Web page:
Everyone at Lionheart is so happy to announce that we are welcoming Tanager Coffee Roasters back to the shop for the month of March! We had partnered with Tanager last September featuring an incredible natural processed Nicaragua and supported his Las Cruces Project.
We met with C.J. Speelman, the founder, roaster, and all around go-to-guy at Tanager, last night for our own little cupping. C.J. went into incredible detail about the stories behind each coffee, the farms, and the families who own the farms. If I had to describe the Tanager heart in one word, it would be relationships. It’s not just a business to C.J., but it is a way for him to create positive change in the world.
Before we get started, let me introduce myself! My name is Tiffany and I’m one of the baristas at Lionheart. I was given the opportunity to interview C.J. and let me tell you, he’s pretty awesome! He has a huge heart for creating relationships and connecting with people through coffee, whether that happens over a delicious cup of his Colombian roast, or if it’s with local farmers in Peru. All of us at Lionheart think that’s pretty rad and want to embody that attitude in all of our interactions with people.
This will give you an inside look into the man behind the coffee.
Tiffany: In your own words, what is the story behind the name Tanager?
C.J.: Tanager takes its name from a beautiful group of songbirds that thrive in trees and woodlands throughout the Americas. Tanagers are unique and very important to the growing process of coffee and their migration patterns are a contributing factor to healthy environmental conditions in the growing regions. Western Tanagers in particular, find their home in the western U.S. and are commonly seen in Portland, OR the place we proudly call home. During their migratory season, they are found in number as far south as Costa Rica, eating bugs and living temporarily among larger trees and coffee shrubs.
In many ways we chose the name as a metaphor for the mission and values of the business. I want to develop a strong culture of being invested in building relationships in our local community and at the same time build relationships with coffee producers and become a part of their local communities as well. To me as a roaster, I believe telling the story of our farmers is one of the most important parts of what I do.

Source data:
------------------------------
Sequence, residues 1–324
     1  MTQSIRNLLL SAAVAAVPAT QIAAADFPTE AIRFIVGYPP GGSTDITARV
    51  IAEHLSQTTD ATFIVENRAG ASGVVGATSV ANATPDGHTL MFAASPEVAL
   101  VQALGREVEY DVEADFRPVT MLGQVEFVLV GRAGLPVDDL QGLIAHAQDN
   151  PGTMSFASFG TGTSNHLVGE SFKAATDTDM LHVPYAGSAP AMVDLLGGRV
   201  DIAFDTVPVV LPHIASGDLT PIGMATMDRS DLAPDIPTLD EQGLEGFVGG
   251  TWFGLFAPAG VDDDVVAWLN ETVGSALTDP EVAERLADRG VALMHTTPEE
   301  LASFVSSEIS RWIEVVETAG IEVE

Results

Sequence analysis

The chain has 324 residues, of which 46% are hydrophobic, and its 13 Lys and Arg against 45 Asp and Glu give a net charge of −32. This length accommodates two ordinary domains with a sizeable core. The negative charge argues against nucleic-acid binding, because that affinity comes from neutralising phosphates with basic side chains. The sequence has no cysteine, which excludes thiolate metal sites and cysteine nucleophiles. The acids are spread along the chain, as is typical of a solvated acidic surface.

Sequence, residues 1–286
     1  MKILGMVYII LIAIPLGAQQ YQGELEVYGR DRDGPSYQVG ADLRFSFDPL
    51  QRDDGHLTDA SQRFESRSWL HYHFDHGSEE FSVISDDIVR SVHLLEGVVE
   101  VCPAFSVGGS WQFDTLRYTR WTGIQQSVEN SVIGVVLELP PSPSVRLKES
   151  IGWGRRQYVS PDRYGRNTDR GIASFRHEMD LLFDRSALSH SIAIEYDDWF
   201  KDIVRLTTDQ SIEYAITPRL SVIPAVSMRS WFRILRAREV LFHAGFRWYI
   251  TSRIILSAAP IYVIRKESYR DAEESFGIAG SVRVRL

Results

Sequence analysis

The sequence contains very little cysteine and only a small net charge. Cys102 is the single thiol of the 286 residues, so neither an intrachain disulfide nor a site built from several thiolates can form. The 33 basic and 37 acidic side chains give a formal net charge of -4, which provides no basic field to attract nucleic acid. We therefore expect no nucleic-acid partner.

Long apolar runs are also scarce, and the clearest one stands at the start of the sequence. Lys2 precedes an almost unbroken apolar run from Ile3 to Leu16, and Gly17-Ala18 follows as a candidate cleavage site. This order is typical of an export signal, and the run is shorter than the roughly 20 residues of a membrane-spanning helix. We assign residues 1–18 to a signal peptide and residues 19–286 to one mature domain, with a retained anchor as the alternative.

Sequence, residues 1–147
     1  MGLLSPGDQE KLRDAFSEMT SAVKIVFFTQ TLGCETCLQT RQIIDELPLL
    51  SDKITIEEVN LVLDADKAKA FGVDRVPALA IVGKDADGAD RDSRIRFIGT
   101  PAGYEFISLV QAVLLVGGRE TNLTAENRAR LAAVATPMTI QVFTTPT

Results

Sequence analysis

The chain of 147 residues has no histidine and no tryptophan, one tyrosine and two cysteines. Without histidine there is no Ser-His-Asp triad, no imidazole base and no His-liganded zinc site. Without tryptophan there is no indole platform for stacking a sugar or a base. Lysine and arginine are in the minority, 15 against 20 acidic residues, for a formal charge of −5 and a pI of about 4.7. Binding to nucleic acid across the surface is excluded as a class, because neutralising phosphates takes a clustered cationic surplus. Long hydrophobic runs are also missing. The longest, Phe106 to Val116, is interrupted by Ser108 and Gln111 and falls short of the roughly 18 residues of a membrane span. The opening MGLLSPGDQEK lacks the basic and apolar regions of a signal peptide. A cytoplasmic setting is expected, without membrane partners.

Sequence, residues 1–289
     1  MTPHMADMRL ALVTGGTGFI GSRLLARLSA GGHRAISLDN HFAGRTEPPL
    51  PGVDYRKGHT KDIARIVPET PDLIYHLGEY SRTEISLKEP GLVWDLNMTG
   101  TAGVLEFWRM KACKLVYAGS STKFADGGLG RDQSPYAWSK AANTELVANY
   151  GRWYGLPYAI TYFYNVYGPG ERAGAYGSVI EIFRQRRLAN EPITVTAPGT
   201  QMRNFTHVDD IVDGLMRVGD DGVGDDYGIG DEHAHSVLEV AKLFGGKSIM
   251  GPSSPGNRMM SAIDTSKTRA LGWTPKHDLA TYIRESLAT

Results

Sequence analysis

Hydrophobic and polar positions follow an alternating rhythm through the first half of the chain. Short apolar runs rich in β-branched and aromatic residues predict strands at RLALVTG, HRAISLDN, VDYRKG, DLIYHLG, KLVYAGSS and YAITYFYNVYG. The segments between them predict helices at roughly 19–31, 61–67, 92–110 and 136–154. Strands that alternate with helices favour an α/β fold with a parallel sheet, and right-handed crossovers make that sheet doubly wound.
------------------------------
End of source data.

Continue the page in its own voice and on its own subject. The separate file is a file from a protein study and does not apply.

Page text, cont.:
T: How did you get started in the coffee industry?
C.J.: I have had a passion for coffee and learning about the coffee growing regions for about 15 years now. I had an opportunity to help open a coffee shop in North Portland in 2011 which is where I took my first steps into this great industry as a Barista. I still work at that shop, The Arbor Lodge, a couple of times a week and I love serving people awesome coffee.
T: What is your favorite origin and why?
C.J.: It is a tie between Kenya and Colombia. I absolutely love the taste of Kenyan coffee! As far as origins that I have been to, Colombia definitely takes the cake so far. It is an absolutely breathtakingly beautiful country and I really love the culture and people. The coffee is so diverse in taste from micro region to micro region and can be simply stunning in the cup.
T: What are the 1 or 2 biggest impacts that you see from direct trade?
C.J.: There are so many huge impacts that taking a more direct line of trade with a coffee producer creates. Not only do producers often get paid a much higher amount for their harvest, but it also opens the door for some possibly unexpected things to occur:
It creates a healthy competition between different roasters to seek out different producers that are dedicated to growing specialty grade coffee. It also drives producers to increase their level of quality which will attract roasters to seek their partnership. When roasters and producers both have that same goal of achieving the highest level of excellence in the cup, then roasters, producers and customers all win.
Creating these direct partnerships between roasters and producers also increases the positive marketability of the coffee itself. Before the advent of these kinds of relationships, coffee was coffee. It was a way to make it through the day and maybe enjoy the flavor or treat yourself to a froufy drink. Now, we can trace a coffee to a specific GPS coordinate, shake the hand of the person who grew it, take pictures together and potentially make a huge impact on that farmers life. We are able to explore how coffee from one side of a mountain tastes different than the other side let alone the difference between micro-region, regions and continents. It is an incredible opportunity to tell the story of coffee and really take the industry to same places other beverage industries, like wine, are at when it comes to trace-ability and quality. This is largely due to roasters and producers partnering together with the common goal of creating awesome coffee!
T: What is your favorite aspect of roasting coffee?
C.J.: The actual act of roasting coffee, while incredibly technical and involved, is actually kind of monotonous in many ways. Even though I do love that aspect, my favorite part of being a coffee roaster is building relationships with people (whether they are producers, customers, baristas or other roasters), educating folks about the many different aspects of coffee from seed to cup and sourcing the actual coffee.
So there you have it folks! Stop by the shop and pick up a bag of Tanager (the Colombia is killer!) Or check out what we have in stock by clicking here.
Other coffee shops featuring Tanager include: